1
$\begingroup$

The following theorem is proved in Milnor's famous book "Morse theory".

Theorem 21.7 (Bott). Let $G$ be a compact, simply connected Lie group. Then the loop space of $G$ has the homotopy type of a CW-complex with no odd dimensional cells.

It is not clear to me where the author uses the simply connectedness of $G$. Is it a necessary condition? Can someone please illuminate?

$\endgroup$
  • $\begingroup$ No. Milnor shows that the space of maps $Map(X,Y)$ (compact-open topology) is CW whenever $X,Y$ are CW, $X$ is finite and $Y$ is countable and locally finite. I think this can be improved somewhat, but I don't have a reference off the top of my head. (In any case it applies fo $\Omega G=Map((S^1,\ast),(G,\ast))$ for all compact Lie groups $G$, no simple connectedness needed). $\endgroup$ – Tyrone Dec 8 '19 at 16:56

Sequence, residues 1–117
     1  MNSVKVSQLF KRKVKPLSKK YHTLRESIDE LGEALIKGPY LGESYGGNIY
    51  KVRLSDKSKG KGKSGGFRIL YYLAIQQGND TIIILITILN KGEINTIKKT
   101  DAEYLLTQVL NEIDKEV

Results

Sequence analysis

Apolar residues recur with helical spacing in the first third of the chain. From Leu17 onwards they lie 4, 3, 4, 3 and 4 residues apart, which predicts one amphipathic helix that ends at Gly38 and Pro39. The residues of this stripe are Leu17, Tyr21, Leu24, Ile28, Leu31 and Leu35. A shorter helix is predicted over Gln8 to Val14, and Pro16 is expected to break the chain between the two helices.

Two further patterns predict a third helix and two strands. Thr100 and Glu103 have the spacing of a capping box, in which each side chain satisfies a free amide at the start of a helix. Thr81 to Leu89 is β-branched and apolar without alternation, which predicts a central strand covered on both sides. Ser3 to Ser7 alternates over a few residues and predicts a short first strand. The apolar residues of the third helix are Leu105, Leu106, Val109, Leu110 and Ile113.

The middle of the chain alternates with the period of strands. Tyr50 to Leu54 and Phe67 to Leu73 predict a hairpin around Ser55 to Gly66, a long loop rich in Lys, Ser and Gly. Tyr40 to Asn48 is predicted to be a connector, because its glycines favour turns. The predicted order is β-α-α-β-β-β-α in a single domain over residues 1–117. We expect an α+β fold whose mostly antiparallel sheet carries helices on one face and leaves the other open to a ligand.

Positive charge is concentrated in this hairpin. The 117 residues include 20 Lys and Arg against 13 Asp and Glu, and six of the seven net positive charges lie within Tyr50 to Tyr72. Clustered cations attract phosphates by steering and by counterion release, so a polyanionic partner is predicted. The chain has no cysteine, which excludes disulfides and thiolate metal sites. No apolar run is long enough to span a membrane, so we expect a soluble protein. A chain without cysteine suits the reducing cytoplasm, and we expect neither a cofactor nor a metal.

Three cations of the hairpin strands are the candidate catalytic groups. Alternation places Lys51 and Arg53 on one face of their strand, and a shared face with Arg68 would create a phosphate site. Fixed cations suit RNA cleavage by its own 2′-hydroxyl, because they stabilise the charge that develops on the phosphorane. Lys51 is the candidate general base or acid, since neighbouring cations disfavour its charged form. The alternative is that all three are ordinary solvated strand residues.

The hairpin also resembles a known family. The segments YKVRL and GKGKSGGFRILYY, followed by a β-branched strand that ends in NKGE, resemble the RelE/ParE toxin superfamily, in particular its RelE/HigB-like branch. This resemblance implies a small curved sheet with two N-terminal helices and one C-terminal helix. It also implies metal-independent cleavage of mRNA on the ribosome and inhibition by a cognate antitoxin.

• $\begingroup$ Thanks! @Tyrone. $\endgroup$ – Arun Dec 9 '19 at 5:33
1
$\begingroup$

You can easily drop the connectivity condition as long as each (equivalently, one) component is simply-connected. But the assumption that $\pi_1(X)=1$, is a necessary condition. If $X$ is a complex without odd-dimensional cells then $\pi_1(X)=1$: Indeed, by the cellular approximation theorem, every loop $c$ in $X$ is homotopic to a loop $c'$ in $X^1$. If $X^1$ contains no 1-cells, then $X^1=X^0$, implying that $c'$ is constant. Thus, $\pi_1(X)=1$.

| cite | improve this answer | |
$\endgroup$

Your Answer

By clicking “Post Your Answer”, you agree to our terms of service, privacy policy and cookie policy

Not the answer you're looking for? Browse other questions tagged or ask your own question.